S.U. claims C.J. was hospitalized and put on bed rest after IVF Twin A’s gestational sac ruptured at 23 weeks.

The rupture was linked to contributing factors of the defendant’s uncontrolled diabetes, uncontrolled hypertension, morbid obesity, short stature and higher risk associated with twin pregnancies, according to the suit.

S.U. claims the defendant was also taking a contraindicated weight loss medication and benzodiazepines against S.U. and the physician’s wishes, which had unknown effects on the pregnancy and children.

On Sept. 28, S.U. visited C.J. while she was still in the hospital on bed rest and expressed his concern over how she had spoken to and treated him during a video chat the week before and also discussed her need to repay her monthly loan, among other things, according to the suit.

S.U. claims the defendant immediately retaliated against him by calling and making a disturbingly harsh complaint to, and against, the physician who was essential in saving IVF Child’s life when said child was sick and in the hospital.

C.J. also made a false report to CPS, who appeared the following day at S.U.’s home, according to the suit.

S.U. claims on Oct. 3, he took IVF Child to the hospital for another follow-up appointment and, due to the defendant’s malicious CPS report and false claims of abuse, he opted not to visit her on that day. He later learned that C.J. again retaliated against him by calling the Department of Health and Human Resources and canceling the West Virginia Food Stamps card issued for Shared Child and IVF Child that the defendant had recently given the plaintiff.

The defendant stated to DHHR that she had lost her card and wanted a new one sent to her sister’s address in Kanawha County, according to the suit. Meanwhile, it was S.U. who was solely caring for and purchasing food for Shared Child and IVF Child in Mason County.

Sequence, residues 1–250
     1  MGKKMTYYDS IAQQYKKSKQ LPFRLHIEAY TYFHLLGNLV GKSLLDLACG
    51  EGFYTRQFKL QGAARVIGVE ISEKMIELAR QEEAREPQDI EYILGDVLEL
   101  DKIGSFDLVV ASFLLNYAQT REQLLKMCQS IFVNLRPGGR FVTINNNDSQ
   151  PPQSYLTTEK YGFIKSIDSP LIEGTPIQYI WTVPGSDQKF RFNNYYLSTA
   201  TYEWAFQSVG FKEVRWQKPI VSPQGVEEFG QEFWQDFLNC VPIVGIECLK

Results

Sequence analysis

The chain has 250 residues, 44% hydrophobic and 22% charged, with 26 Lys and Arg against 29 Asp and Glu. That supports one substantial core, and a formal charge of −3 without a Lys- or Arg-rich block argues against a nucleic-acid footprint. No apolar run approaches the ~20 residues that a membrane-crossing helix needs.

S.U. claims he requested the defendant to provide him with the defendant’s hospital pin number so he could speak with the nursing staff regarding his unborn children and the defendant refused to do so. When S.U. called the nursing staff and reported his concerns over the defendant being his gestational surrogate and the fact that she would not provide him with information on his unborn children, a nurse stated that she did have a pin number and that she had to be the one to provide S.U. with the pin number.

On Oct. 12, to protect himself further from allegations of abuse and to prevent the defendant from the ability to remove him from his own home, the plaintiff sent the defendant an eviction notice, according to the suit. At that point, the defendant had already moved most of her personal belongings from his home prior to her Sept. 4 hospital admission.

S.U. claims to additionally secure his and to protect himself, he filed a wrongful occupation of residential property against C.J. on Nob. 16.